IT was never going to be easy. But Samuel Antwi surely didn’t think it would be this hard. The welterweight has been boxing predominately from the away corner while amassing his 10-1 record and winning the Southern Area title. But the going has been tough. He’s had to deal with everything; the wrong gloves, changing room shenanigans, being handed a contagious baby in Zimbabwe. But he’s persisted.

“They’ll do anything they can do,” he reflects of life boxing out of the away corner. “They try to make you as uncomfortable as they can. So whatever they can do on the night to take you out of your psyche they’ll do it. They’ll tell you to get here at this time and then they’ll change it on the day. Do something like throw a bunch of people in your changing room, just to get you out of your cycle, to get you out of your fight… They end up switching the room.”

When Antwi speaks to Boxing News he is nursing an injury from having to fight with the wrong gloves. They didn’t fit his hands and as he landed punches, he began to hurt his fists.

“I tried to get them to change the gloves a couple of times,” he said. “Eventually they changed one glove and that’s the glove my wrist went on. We still got the win that’s the main thing.

“It was just getting injuries in the fight so from about the second or third round I was feeling my wrist playing up in the gloves. Both of my knuckles. He’s got a really hard head so every time I hit him clean, I would feel it instantly in my hand. I’d wince from pain. So I didn’t really get to follow up when I had him shaken. I couldn’t really follow up how I wanted to follow up. It was still a good fight.”

Recently he has beaten Siar Ozgul at York Hall, though he was unable to defend his Southern Area welterweight title. He hadn’t had quite enough time to lose a final pound for the weigh in.

It was by no means Antwi’s hardest outing in boxing. On his record you will see a two round loss to Emmany Kalombo in Harare a year ago. But this expedition was far from straight forward. From being unable to get the right food at their hotel, to the cutsman provided by the promoter vanishing halfway through their ringwalk. The opponent got to weigh in late, their hosts insisted that the boxers go on a safari and visit an orphanage in the week of the fight. At the orphanage Sam was handed a baby to hold. By the time he got back to his hotel he was sick and vomiting. The stoppage in the fight itself is not indicative of Antwi’s ability.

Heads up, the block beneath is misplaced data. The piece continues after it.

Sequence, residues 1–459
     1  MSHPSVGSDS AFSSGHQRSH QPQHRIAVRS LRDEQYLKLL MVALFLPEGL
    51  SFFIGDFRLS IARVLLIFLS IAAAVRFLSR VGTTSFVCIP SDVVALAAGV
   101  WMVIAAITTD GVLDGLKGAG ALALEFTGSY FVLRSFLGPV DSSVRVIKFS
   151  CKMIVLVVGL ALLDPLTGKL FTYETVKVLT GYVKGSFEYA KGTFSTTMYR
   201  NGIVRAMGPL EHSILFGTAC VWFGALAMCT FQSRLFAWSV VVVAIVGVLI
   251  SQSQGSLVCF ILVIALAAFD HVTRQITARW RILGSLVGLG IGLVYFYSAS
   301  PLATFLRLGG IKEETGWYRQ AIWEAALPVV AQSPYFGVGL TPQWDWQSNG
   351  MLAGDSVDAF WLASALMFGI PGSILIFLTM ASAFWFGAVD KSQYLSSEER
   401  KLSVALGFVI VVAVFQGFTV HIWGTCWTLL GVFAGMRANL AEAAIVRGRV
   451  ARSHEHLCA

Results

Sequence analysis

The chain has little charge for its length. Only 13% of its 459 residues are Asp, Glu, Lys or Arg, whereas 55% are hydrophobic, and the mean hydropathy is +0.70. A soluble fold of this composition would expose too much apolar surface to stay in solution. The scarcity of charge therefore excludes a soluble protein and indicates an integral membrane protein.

“It was probably the worst experience of my life. They really done us dirty out there. Anything they could have done to take us out the game they’ve done,” he said.

“Literally the worst experience that I could have probably.”

He continues, “I had to rebuild my career after Zimbabwe. I had to come back, fight [and beat] Jez Smith, fight this guy. These are 50-50 fights on paper and I’m in the away corner. So I’m taking challenges.”

‘I’ve been the dark horse most of my life. I’ll focus on what I’m doing. And just pop out of nowhere’

He has been on a journey in his boxing career. He’s previously boxed in Ghana and had his first three professional bouts in America, while enjoying some guidance from James Toney. “I was in the [amateur] Development championships and at the same time Prizefighter was going on. James Toney was here in the London,” Antwi explained.

“My coach at the time, he was driving around James Toney. He got him to come to one of the fights before the finals and just have a look at me so they had a look at me and said when you’re ready to turn pro just come over to the States.

“We won the championships and we went straight to LA. Trained in the gym with him so it was a good experience.”

He’s sparred plenty of talented UK boxers, including Chris Eubank Jnr and Conor Benn. The latter would be an appealing fight. “He gets a lot of opportunities, his name helps him a lot. There’s only so much time before you have to prove yourself and he’s getting close to that time,” Antwi notes ominously.

“There’s only a certain amount of time you can ride that train before you have to prove yourself.”

His own passage through the sport provides a telling contrast. “Nothing’s been handed to me,” Antwi says. “It’s just being stubborn, whatever’s going on I don’t really care.

“I’ve been the dark horse most of my life. I’ll focus on what I’m doing. And just pop out of nowhere.”

Antwi will be in action later on this month, on July 27 at York Hall.